March 22, 2015 at 12:57 PM  
Blogger Linda Maye Adams said...

Literary though is one of the poorest selling markets.

March 22, 2015 at 12:59 PM  
Blogger mindprinter said...

Don't know what I'm doing wrong here but soon as I get a comment written, I lose it. Trying again. :) Terrific post Anne. I think it's all in prioritizing. A lot of balance required, especially for me, with the actual writing as number one. I've tried many of these suggestions and they're good ones. But I find if I spend too much time on social media and promotion, as you've mentioned above, I lose sight of why I'm doing this. And I'm doing it for the writing because I enjoy it. I made a pact with myself. Soon as it's no longer fun, that's it. Let's hope that's a long way off. In the meantime my main goal is always to get thru the rough draft of my WIP. Love this post. Another keeper.

March 22, 2015 at 1:03 PM  
Blogger Krystina K said...

Thank you as usual for your excellent advice. I'm so happy I found my way to your site. You are very generous. Thank you again.

March 22, 2015 at 1:05 PM  
Blogger Rona Simmons said...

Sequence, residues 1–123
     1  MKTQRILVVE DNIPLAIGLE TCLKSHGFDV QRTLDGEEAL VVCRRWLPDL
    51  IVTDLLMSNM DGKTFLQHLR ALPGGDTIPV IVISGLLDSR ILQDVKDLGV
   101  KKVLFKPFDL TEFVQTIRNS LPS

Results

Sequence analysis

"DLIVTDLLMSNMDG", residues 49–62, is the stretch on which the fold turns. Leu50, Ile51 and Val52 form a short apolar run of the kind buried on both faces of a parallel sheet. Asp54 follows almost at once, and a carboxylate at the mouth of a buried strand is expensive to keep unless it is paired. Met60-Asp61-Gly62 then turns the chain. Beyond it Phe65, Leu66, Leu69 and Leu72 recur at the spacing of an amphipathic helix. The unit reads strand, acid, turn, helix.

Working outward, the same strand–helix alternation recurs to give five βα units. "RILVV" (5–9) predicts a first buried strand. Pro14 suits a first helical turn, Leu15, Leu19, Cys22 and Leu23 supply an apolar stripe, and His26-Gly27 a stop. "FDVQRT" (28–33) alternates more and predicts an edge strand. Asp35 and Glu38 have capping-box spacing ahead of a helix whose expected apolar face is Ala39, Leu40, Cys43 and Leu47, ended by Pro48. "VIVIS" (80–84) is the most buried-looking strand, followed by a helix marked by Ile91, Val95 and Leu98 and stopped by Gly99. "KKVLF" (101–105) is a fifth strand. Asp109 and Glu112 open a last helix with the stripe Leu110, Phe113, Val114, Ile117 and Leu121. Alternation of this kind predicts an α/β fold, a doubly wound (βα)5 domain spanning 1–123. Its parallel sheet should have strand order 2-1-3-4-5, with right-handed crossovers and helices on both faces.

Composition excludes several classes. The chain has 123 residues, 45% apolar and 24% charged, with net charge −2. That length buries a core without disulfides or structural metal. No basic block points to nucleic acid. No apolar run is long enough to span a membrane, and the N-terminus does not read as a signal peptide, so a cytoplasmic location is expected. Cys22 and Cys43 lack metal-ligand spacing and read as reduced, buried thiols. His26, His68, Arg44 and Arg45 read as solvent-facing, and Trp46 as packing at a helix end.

Spot on! No, I don't mean I'm adding to the reasons you should mention the carpet shampooing disaster you had today. You are oh, so correct on your advice.
I remember one mistake I made, initially (as if I've not made more). That was to write a blog about writing only to realize that those who might read and follow and favorite would be other writers but not necessarily readers. I changed tactics, found a topic that I though would resonate with readers of my genre and more importantly centered on a topic in which I was genuinely interested -- which allows me to blog (yes, make that slow-blog) on what I really want to say.
Thanks for this perfect piece.

March 22, 2015 at 1:27 PM  
Blogger Katarina West said...

Thank you, Anne, thank you! I think I'll go over this post with a fine-tooth comb, because there was just so much good in it. And it's a relief to hear someone saying that there's no magic trick to make your books sell.

March 22, 2015 at 1:30 PM  
Blogger Melodie Campbell said...

Wonderful post, Anne! I noticed in this month's issue of Writers' Digest, they have an article about indie writers who did well on Amazon. And each of the fiction writers used techniques that worked great in 2013 and 2014, but not in 2015. The article was out of date before it was written.